Great Reminders for Writers from the Movie: “The Prizewinner of Defiance Ohio”

by @thewritermama on September 24, 2010 · 8 comments

I have a soft spot in my heart for this movie because I think it really speaks to the challenges of creative moms at a time when there were a lot less avenues for moms to stay home, raise a family, and earn money by their wits.

There’s a lot to NOT emulate in this movie, of course. For example, maybe don’t traumatize your kids by leaving them with an active alcoholic. All the same, I don’t think there is a mom writer out there who won’t empathize with Evelyn Ryan and her isolated creative condition.

I think there are a few tricks that Evelyn had up her sleeve that all of us can learn from:

Be Determined. Forget Talent. Bend (Don’t Break) the Rules. Katigira Roshi taught Natalie Goldberg that it takes “great determination” to become a successful writer. Similarly, in the film, Evelyn says, “It wasn’t that I was any more gifted than your average conterester. I was simply more determined. I was so prolific, in fact, I borrowed each of my children’s names.”

Have Your Own Bank Account. Evelyn puts the down payment on her family’s house but doesn’t get to have her name on the mortgage. I was reminded recently by my one of my students of the important of setting a clear intention to earn by opening a bank account specifically for writing earnings. Intentions are powerful. Set your intentions and back them up with action.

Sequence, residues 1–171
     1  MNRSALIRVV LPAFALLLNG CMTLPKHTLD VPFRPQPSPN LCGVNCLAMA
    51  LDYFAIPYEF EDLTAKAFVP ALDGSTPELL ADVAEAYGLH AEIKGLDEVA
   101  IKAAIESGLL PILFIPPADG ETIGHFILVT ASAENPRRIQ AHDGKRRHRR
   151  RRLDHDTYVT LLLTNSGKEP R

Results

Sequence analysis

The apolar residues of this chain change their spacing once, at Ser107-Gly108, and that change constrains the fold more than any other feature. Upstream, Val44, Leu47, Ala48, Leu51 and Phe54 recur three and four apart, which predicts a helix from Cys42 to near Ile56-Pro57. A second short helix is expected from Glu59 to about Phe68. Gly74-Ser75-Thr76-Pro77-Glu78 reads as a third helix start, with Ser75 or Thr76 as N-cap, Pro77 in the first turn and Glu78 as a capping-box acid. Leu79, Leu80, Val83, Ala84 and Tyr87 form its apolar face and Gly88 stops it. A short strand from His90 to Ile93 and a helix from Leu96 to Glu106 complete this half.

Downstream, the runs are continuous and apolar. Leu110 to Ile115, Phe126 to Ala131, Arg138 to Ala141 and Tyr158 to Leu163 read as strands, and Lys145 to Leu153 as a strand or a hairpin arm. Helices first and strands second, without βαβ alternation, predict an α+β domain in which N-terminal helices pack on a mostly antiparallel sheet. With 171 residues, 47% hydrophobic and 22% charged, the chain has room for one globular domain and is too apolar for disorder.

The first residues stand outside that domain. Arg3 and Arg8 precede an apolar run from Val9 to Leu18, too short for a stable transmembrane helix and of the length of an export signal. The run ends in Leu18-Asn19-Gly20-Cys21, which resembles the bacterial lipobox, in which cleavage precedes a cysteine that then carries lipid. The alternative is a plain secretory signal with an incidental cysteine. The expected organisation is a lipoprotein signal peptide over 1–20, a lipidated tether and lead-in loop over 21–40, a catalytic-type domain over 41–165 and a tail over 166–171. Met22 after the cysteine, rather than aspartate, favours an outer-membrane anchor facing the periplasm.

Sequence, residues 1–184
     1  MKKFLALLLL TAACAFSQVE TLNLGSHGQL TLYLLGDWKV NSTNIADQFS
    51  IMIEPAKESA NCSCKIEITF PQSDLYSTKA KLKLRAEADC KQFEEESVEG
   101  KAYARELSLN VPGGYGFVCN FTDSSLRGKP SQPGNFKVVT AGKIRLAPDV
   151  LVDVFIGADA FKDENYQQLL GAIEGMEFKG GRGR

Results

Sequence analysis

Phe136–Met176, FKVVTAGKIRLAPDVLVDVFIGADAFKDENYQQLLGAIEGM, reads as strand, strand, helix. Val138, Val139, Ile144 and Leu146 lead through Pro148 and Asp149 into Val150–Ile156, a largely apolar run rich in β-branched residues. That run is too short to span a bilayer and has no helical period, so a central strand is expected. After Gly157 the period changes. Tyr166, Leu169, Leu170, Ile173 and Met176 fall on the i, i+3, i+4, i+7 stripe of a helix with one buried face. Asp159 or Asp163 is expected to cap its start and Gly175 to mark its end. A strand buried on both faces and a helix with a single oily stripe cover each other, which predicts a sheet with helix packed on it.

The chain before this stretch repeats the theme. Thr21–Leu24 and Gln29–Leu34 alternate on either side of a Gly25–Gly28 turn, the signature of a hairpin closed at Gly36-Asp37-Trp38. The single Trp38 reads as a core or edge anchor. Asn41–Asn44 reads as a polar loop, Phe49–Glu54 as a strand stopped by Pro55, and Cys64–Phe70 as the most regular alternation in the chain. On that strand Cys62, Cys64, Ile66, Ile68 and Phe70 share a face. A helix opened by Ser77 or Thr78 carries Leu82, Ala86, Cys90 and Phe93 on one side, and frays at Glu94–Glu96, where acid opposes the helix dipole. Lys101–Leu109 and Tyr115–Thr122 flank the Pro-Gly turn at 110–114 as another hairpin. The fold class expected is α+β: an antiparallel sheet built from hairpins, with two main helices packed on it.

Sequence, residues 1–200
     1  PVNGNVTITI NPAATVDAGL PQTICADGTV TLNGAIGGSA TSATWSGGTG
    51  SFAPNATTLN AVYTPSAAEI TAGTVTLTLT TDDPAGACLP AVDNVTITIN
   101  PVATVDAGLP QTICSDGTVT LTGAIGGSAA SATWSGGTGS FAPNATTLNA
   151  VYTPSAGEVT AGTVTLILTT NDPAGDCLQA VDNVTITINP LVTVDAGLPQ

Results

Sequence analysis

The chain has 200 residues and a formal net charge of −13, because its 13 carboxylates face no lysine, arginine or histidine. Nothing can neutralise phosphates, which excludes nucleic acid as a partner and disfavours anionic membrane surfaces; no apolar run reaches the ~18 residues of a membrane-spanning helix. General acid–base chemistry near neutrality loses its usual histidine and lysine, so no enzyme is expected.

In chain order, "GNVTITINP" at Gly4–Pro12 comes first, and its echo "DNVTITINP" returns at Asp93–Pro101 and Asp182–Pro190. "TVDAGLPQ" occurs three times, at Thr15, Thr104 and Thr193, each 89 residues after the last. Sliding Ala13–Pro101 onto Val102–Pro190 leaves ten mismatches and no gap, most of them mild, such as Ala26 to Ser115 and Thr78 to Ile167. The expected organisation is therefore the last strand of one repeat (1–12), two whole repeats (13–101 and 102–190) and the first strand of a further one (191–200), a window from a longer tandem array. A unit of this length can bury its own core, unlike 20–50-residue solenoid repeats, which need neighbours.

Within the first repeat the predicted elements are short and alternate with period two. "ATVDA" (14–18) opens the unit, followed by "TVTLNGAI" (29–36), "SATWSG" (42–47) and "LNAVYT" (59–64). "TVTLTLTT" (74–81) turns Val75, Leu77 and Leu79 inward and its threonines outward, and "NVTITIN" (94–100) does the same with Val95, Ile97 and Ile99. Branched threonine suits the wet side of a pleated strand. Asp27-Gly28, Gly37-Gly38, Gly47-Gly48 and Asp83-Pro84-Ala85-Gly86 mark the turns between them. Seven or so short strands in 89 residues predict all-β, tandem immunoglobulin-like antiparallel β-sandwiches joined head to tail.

Be Resourceful. Find a Way to Motivate Yourself. I recently checked out Janet Evanovich’s website. She says: “I motivate myself to write by spending my money before I make it.” Similarly, but a little less glamorously, in the film, Evelyn says, “My creative outlet usually corresponded directly with our needs.” The needs of the Ryan family were gaping. Hence Evelyn was quite prolific. But she wasn’t lucky; she was good at what she did. That skill was cultivated through the same two qualities I emphasize with my students: preparation and practice.

Forgive and Move Forward. You can’t create with a heart tainted by hate and resentments. Evelyn says to Tuff about her father, “Forgive him so you can embrace this truly remarkable day.” Whoever it is. Whatever they did. You’ll feel better if you can forgive, even if you never forget.

Live In The Moment. You can’t do your best writing without being 100% present. Evelyn lived in the moment. She seized the opportunities that were presented to her despite her husband’s alcoholism. Evelyn produced her own success from very humble (and heart-wrenching) circumstances. Anyone can. Focus is required.

Believe Everything Is Possible. Evelyn tells her daughter, Tuff, that she has “a marvelous mind and a beautiful heart” and a wonderful life ahead of her. Tell yourself the same thing, no matter what has been the case in the past.

If you want to produce your own successful results, then keep your eye on the prize, like Evelyn did.

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